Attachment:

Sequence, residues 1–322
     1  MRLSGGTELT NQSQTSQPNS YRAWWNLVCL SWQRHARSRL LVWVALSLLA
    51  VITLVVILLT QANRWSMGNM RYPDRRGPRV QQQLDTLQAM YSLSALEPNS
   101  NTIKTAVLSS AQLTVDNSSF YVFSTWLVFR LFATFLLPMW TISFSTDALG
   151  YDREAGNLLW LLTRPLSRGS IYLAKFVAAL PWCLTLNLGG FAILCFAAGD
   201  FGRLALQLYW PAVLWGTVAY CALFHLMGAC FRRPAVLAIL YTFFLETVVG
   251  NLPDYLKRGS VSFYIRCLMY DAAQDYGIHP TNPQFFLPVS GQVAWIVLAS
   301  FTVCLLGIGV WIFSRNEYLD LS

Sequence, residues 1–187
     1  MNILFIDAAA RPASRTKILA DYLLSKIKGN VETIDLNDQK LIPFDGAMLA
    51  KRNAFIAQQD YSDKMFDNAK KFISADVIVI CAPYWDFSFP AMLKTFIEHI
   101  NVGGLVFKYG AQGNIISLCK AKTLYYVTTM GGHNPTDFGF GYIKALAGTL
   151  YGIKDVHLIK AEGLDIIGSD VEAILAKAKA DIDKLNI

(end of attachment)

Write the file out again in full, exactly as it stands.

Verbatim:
Sequence, residues 1–322
     1  MRLSGGTELT NQSQTSQPNS YRAWWNLVCL SWQRHARSRL LVWVALSLLA
    51  VITLVVILLT QANRWSMGNM RYPDRRGPRV QQQLDTLQAM YSLSALEPNS
   101  NTIKTAVLSS AQLTVDNSSF YVFSTWLVFR LFATFLLPMW TISFSTDALG
   151  YDREAGNLLW LLTRPLSRGS IYLAKFVAAL PWCLTLNLGG FAILCFAAGD
   201  FGRLALQLYW PAVLWGTVAY CALFHLMGAC FRRPAVLAIL YTFFLETVVG
   251  NLPDYLKRGS VSFYIRCLMY DAAQDYGIHP TNPQFFLPVS GQVAWIVLAS
   301  FTVCLLGIGV WIFSRNEYLD LS

Sequence, residues 1–187
     1  MNILFIDAAA RPASRTKILA DYLLSKIKGN VETIDLNDQK LIPFDGAMLA
    51  KRNAFIAQQD YSDKMFDNAK KFISADVIVI CAPYWDFSFP AMLKTFIEHI
   101  NVGGLVFKYG AQGNIISLCK AKTLYYVTTM GGHNPTDFGF GYIKALAGTL
   151  YGIKDVHLIK AEGLDIIGSD VEAILAKAKA DIDKLNI